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How much calcium carbonate is in the shell of the snail?

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how much calcium carbonate is in the shell of the snail

In Year 12 chemistry, we have been doing an experiment in order to find out how much calcium carbonate is in the shell of the snail (don’t worry; no snail was harmed). So first, I had to look around the school grounds to find empty snail shells! This was fun as you can walk around and get some fresh air! It was beautiful weather as well. 

After collecting the shells, I had to grind them up into a fine powder. I then added hydrochloric acid. It immediately fizzed and produced a gas. It was fizzing for about 20 minutes— this was not anticipated— so I stared at the fizzing solution for 10 minutes and realised that fizzing would not stop anytime soon, so I continued on and made sodium hydroxide solution. This part has to be approached with a bit of caution because sodium hydroxide is corrosive and I definitely do not want any chemical burns in my hands.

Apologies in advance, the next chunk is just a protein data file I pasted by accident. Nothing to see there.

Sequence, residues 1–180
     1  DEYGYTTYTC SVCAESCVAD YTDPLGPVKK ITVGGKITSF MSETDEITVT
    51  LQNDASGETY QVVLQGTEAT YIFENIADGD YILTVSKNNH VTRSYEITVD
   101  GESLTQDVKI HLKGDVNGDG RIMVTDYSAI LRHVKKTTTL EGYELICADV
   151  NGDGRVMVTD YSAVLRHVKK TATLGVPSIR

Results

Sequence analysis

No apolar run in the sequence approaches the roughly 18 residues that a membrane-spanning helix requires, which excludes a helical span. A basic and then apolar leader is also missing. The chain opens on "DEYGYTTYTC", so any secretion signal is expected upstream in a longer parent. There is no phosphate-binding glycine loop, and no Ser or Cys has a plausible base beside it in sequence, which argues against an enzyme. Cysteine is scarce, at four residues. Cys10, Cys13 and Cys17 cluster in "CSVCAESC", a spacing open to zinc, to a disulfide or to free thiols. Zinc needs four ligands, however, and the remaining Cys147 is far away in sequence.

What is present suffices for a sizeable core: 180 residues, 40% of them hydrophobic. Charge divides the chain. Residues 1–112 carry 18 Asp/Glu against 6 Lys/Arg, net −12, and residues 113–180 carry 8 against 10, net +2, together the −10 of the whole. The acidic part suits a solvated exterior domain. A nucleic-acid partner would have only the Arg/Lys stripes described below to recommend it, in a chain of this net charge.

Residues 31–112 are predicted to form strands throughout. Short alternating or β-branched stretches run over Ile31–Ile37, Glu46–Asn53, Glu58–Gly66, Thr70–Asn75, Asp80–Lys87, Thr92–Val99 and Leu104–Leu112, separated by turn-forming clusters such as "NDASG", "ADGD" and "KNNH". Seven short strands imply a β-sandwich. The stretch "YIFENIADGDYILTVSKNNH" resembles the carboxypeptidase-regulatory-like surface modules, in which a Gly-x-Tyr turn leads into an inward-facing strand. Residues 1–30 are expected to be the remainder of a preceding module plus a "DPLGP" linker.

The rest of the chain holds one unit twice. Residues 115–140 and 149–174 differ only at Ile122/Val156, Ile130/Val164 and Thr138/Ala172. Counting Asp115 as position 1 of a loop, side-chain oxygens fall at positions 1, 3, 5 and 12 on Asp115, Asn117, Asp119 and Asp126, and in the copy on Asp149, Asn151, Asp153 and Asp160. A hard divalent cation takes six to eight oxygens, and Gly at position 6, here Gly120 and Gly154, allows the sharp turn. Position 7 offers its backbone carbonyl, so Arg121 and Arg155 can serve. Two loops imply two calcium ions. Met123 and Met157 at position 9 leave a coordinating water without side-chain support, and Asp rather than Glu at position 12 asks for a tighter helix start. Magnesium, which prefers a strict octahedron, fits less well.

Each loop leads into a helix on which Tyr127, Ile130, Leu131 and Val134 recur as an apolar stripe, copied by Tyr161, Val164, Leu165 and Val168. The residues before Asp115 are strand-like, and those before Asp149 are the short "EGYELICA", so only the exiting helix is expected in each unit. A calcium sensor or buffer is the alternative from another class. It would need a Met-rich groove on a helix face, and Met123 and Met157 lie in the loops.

After making the solution, the fizzing has finally stopped and it was time to filter out all the dirts and sediments using filter paper. This also took some time and involved me looking at slow dripping of snail shell + acid solution (very thrilling, if you ask me!)

Using these two solutions, I now had to carry out a procedure called the titration. This is basically slowly adding an alkali solution to an acid and finding out when two solution became neutral. After finding out the neutralisation point, you can use formulas and other complicated chemistry knowledges— this is a joke, it’s quite simple— to find out how much calcium carbonate was in the shell. The findings from this experiment showed that the snail shell was consisted of 87.5% calcium carbonate. This was lower than our expectation but I’d assume that it was because of impurities in the snail shell (or my research was wrong: they said it was 97%…!).

how much calcium carbonate is in the shell of the snail

This experiment is known as the back titration, because you use titration to not directly find out the calcium carbonate content but work “backwards” to find out the value we want, hence its name “back” titration.

In A level chemistry, experiments are more hands on and experiments are done by ourselves without much help from the teacher. This can be challenging at times, but mostly incredibly fun and teaches you how to work independently. If anybody is considering doing chemistry for their A-level, I would say, go for it! You too can find out how much calcium carbonate is in the shell of the snail and more!

Jaehyeok Hur, Year 12



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